Rich in Mercy
This article is part of the Gentle and Lowly: A 14-Day Devotional series.
And you were dead in the trespasses and sins in which you once walked, following the course of this world, following the prince of the power of the air, the spirit that is now at work in the sons of disobedience—among whom we all once lived in the passions of our flesh, carrying out the desires of the body and the mind, and were by nature children of wrath, like the rest of mankind. But God, being rich in mercy, because of the great love with which he loved us, even when we were dead in our trespasses, made us alive together with Christ—by grace you have been saved—and raised us up with him and seated us with him in the heavenly places in Christ Jesus.—Ephesians 2:1–6
Consider God’s richness in mercy for your own life. He is the resurrecting God. He doesn’t meet you halfway. And that’s not because resurrecting sinners is on his to-do list. His very nature is to engage death and bring life--and that’s true for you, too. He did that decisively once and for all at your conversion, but he continues to do it time and again in your sin and folly.
Gentle and Lowly
Dane C. Ortlund
How does Jesus feel about his people amid all their sins and failures? This book takes readers into the depths of Christ’s very heart—a heart of tender love drawn to sinners and sufferers.
Perhaps, looking at the evidence of your life, you do not know what to conclude except that this mercy of God in Christ has passed you up. Maybe you have been deeply mistreated. Misunderstood. Betrayed by the one person you should have been able to trust. Abandoned. Taken advantage of. Perhaps you carry a pain that will never heal till you are dead. If my life is any evidence of the mercy of God in Christ, you might think, I’m not impressed.
To you I say, the evidence of Christ’s mercy toward you is not your life. The evidence of his mercy toward you is his—mistreated, misunderstood, betrayed, abandoned. Eternally. In your place.
If God sent his own Son to walk through the valley of condemnation, rejection, and hell, you can trust him as you walk through your own valleys on your way to heaven.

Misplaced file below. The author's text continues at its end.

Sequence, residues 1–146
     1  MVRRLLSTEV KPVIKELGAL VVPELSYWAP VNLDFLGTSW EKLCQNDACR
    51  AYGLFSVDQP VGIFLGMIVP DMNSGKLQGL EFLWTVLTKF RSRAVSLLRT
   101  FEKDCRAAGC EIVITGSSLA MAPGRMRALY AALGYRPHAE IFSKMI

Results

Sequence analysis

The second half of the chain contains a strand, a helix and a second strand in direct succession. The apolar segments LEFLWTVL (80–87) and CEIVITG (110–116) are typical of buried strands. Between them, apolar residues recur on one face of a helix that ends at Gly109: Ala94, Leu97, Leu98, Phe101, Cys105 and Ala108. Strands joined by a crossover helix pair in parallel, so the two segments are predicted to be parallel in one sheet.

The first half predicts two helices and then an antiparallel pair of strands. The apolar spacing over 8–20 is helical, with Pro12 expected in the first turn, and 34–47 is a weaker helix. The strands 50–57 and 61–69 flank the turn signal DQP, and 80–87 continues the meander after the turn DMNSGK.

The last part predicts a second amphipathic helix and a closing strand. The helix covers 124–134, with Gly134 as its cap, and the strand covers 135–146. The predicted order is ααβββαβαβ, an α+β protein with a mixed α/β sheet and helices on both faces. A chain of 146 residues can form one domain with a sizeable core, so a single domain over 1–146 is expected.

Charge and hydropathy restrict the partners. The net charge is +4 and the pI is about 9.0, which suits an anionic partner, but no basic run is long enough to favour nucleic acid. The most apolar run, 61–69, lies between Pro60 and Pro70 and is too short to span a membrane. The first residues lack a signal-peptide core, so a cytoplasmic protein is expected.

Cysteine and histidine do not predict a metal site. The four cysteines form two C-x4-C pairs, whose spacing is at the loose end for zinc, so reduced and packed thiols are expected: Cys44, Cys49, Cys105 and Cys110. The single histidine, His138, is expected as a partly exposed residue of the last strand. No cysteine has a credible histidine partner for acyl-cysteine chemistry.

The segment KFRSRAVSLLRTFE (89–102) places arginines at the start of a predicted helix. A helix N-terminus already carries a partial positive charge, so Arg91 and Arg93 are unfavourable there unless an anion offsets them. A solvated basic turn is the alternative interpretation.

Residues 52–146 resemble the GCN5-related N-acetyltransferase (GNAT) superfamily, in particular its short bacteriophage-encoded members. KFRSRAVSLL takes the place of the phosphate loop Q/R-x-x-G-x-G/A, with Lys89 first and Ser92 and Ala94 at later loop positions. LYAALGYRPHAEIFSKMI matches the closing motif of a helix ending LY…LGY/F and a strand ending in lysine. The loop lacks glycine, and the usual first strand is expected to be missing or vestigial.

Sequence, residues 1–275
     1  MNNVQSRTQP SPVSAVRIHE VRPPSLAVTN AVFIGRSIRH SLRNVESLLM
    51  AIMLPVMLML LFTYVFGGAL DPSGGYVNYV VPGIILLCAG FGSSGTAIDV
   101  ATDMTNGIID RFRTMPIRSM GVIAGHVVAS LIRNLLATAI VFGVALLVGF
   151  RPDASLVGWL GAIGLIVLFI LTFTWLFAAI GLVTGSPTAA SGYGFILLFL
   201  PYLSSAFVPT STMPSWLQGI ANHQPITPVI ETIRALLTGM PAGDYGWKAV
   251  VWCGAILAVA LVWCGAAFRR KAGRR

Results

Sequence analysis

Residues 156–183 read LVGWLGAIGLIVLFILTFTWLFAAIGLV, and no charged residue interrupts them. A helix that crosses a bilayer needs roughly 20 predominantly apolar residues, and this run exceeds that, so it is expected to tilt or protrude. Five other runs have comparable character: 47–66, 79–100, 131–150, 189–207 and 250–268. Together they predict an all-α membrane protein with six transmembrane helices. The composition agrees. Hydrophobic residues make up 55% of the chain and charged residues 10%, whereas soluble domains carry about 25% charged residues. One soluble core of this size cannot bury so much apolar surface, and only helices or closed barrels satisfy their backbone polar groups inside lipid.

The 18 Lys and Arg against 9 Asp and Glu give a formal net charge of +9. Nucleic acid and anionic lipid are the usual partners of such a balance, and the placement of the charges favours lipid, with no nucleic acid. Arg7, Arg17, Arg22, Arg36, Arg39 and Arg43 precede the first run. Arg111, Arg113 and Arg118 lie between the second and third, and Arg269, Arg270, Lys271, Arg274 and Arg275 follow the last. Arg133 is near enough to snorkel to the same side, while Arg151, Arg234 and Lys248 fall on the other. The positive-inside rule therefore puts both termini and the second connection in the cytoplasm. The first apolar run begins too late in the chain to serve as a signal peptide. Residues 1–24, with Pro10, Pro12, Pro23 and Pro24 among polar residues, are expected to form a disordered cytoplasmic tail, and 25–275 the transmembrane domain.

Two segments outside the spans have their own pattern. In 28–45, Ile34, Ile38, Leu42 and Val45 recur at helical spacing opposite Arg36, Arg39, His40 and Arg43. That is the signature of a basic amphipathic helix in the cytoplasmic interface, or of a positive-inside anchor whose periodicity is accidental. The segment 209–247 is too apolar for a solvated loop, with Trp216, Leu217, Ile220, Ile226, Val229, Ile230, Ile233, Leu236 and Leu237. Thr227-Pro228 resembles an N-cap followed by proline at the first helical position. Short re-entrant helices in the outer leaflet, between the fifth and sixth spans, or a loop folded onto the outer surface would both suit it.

Perhaps you have difficulty receiving the rich mercy of God in Christ not because of what others have done to you but because of what you’ve done to torpedo your life, maybe through one big, stupid decision or maybe through ten thousand little ones. You have squandered his mercy, and you know it.
To you I say, do you know what Jesus does with those who squander his mercy? He pours out more mercy. God is rich in mercy. That’s the whole point.
Whether we have been sinned against or have sinned ourselves into misery, the Bible says God is not tightfisted with mercy but openhanded, not frugal but lavish, not poor but rich.
That God is rich in mercy means that your regions of deepest shame and regret are not hotels through which divine mercy passes but homes in which divine mercy abides.
The Bible says God is not tightfisted with mercy but openhanded, not frugal but lavish, not poor but rich.
It means the things about you that make you cringe most, make him hug hardest.
It means his mercy is not calculating and cautious, like ours. It is unrestrained, flood-like, sweeping, magnanimous.
It means our haunting shame is not a problem for him, but the very thing he loves most to work with.
It means our sins do not cause his love to take a hit. Our sins cause his love to surge forward all the more.
It means on that day when we stand before him, quietly, unhurriedly, we will weep with relief, shocked at how impoverished a view of his mercy-rich heart we had.
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